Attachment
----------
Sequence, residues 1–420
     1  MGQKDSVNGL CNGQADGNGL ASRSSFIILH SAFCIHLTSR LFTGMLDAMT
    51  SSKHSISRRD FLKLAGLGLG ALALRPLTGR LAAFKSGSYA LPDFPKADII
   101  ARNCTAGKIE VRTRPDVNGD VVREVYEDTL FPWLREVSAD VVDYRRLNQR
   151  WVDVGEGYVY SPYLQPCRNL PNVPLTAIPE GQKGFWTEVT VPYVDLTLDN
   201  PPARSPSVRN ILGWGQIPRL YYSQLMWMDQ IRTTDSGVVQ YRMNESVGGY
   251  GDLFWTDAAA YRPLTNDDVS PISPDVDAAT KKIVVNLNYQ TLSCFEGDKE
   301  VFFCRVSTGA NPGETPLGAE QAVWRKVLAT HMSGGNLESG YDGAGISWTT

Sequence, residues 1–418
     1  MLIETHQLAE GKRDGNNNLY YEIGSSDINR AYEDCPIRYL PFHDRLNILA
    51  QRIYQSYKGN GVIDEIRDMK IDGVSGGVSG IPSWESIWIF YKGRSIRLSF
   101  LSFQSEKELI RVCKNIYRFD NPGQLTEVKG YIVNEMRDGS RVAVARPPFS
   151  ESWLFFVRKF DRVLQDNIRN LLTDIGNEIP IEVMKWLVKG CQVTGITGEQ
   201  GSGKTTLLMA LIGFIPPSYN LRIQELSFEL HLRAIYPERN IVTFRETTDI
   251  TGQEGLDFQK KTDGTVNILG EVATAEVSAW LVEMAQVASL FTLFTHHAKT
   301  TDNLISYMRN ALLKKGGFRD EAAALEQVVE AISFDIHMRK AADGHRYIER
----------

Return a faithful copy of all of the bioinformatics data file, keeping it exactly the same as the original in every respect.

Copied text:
Sequence, residues 1–420
     1  MGQKDSVNGL CNGQADGNGL ASRSSFIILH SAFCIHLTSR LFTGMLDAMT
    51  SSKHSISRRD FLKLAGLGLG ALALRPLTGR LAAFKSGSYA LPDFPKADII
   101  ARNCTAGKIE VRTRPDVNGD VVREVYEDTL FPWLREVSAD VVDYRRLNQR
   151  WVDVGEGYVY SPYLQPCRNL PNVPLTAIPE GQKGFWTEVT VPYVDLTLDN
   201  PPARSPSVRN ILGWGQIPRL YYSQLMWMDQ IRTTDSGVVQ YRMNESVGGY
   251  GDLFWTDAAA YRPLTNDDVS PISPDVDAAT KKIVVNLNYQ TLSCFEGDKE
   301  VFFCRVSTGA NPGETPLGAE QAVWRKVLAT HMSGGNLESG YDGAGISWTT

Sequence, residues 1–418
     1  MLIETHQLAE GKRDGNNNLY YEIGSSDINR AYEDCPIRYL PFHDRLNILA
    51  QRIYQSYKGN GVIDEIRDMK IDGVSGGVSG IPSWESIWIF YKGRSIRLSF
   101  LSFQSEKELI RVCKNIYRFD NPGQLTEVKG YIVNEMRDGS RVAVARPPFS
   151  ESWLFFVRKF DRVLQDNIRN LLTDIGNEIP IEVMKWLVKG CQVTGITGEQ
   201  GSGKTTLLMA LIGFIPPSYN LRIQELSFEL HLRAIYPERN IVTFRETTDI
   251  TGQEGLDFQK KTDGTVNILG EVATAEVSAW LVEMAQVASL FTLFTHHAKT
   301  TDNLISYMRN ALLKKGGFRD EAAALEQVVE AISFDIHMRK AADGHRYIER